The Chinese currency, the yuan, jumped to a new high of 7.1996 per US dollar on Monday, despite a mild rebound of the dollar last Friday.
It was its fourth rise in as many trading days, and also the 11th time has hit new highs against the dollar since the beginning of this year.
The central parity rate of the yuan, also called the renminbi, was up 69 basis points overnight, the China Foreign Exchange Trading System reported.
The Chinese currency has continued to rise since the Federal Reserve slashed the benchmark federal funds rate by 75 basis points to 3.5 percent last Tuesday, in an emergency rate cut aimed at averting a US recession.
Many investors expected a further interest rate cut when the Fed meets this week, although they lowered their expectations to a 25 basis points cut from an earlier 50 basis points.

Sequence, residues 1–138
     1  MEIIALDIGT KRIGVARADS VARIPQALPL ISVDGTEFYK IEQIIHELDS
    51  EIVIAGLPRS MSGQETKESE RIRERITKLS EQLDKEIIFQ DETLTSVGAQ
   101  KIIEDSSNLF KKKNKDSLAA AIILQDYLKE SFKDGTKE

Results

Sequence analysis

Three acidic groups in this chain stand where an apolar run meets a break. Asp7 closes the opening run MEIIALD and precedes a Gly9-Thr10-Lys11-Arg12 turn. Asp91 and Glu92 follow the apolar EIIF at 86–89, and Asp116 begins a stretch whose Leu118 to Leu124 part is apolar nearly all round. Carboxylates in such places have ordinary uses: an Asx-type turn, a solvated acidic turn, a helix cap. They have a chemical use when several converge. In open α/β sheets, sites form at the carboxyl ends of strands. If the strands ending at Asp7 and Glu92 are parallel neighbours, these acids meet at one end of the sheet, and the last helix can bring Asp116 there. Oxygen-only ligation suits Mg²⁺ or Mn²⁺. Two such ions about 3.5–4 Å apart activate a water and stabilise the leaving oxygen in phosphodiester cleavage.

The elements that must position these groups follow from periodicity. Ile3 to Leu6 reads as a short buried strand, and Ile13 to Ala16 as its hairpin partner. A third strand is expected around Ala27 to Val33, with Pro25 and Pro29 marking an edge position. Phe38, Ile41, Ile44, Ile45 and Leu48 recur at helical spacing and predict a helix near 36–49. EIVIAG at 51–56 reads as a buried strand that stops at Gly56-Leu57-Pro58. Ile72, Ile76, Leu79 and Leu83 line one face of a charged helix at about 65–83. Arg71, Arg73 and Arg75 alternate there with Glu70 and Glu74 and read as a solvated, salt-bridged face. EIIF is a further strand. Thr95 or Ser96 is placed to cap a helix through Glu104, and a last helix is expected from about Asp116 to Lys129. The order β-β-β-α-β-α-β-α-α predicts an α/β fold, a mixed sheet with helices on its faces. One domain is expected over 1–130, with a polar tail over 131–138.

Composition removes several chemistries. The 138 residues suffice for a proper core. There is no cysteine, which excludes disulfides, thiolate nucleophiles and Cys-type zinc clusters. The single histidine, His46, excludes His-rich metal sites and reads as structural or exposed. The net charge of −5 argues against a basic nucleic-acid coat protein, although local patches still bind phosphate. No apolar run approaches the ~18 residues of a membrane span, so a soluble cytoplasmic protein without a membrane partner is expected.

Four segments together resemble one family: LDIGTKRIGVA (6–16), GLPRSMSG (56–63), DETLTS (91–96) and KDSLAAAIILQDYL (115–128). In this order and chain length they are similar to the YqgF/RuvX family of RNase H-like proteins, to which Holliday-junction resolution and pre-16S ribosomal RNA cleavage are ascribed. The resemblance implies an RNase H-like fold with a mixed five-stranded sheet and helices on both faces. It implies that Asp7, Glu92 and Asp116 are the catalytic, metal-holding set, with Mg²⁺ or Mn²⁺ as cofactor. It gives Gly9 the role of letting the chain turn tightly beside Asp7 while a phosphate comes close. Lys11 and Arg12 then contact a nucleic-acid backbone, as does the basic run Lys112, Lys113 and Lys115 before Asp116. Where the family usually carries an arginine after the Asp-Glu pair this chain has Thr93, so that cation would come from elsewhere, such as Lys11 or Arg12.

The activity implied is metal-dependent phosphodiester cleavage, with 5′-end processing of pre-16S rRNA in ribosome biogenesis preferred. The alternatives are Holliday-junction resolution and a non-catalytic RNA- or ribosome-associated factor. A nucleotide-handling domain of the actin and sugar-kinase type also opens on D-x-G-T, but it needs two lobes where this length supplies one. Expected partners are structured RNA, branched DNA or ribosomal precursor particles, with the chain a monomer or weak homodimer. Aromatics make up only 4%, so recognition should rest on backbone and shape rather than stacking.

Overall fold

The dollar also remained weak despite the possibility of an economic stimulus plan of about 150 billion US dollars to boost the economy by the US government.
Analysts believed the high growth rate of the Chinese economy, which expanded by 11.4 percent in 2007, and the mounting inflation pressure also helped in driving the currency up.
Chinese officials announced last Thursday the country's December inflation rate remained high, at 6.5 percent, while the annual rate was pushed to 4.8 percent. Both were well above the government target of three percent.
Observers said they believed that the Chinese government would seek to allow the currency to appreciate faster to limit inflation.
The yuan has appreciated more than 12 percent since the peg to the US dollar ended in July 2005.
The yuan also gained 793 basis points against the euro on Monday to report a rate of 10.56 yuan against one euro, as the euro fell against the US dollar following news of a 7-billion-dollar fraud in French bank Societe Generale.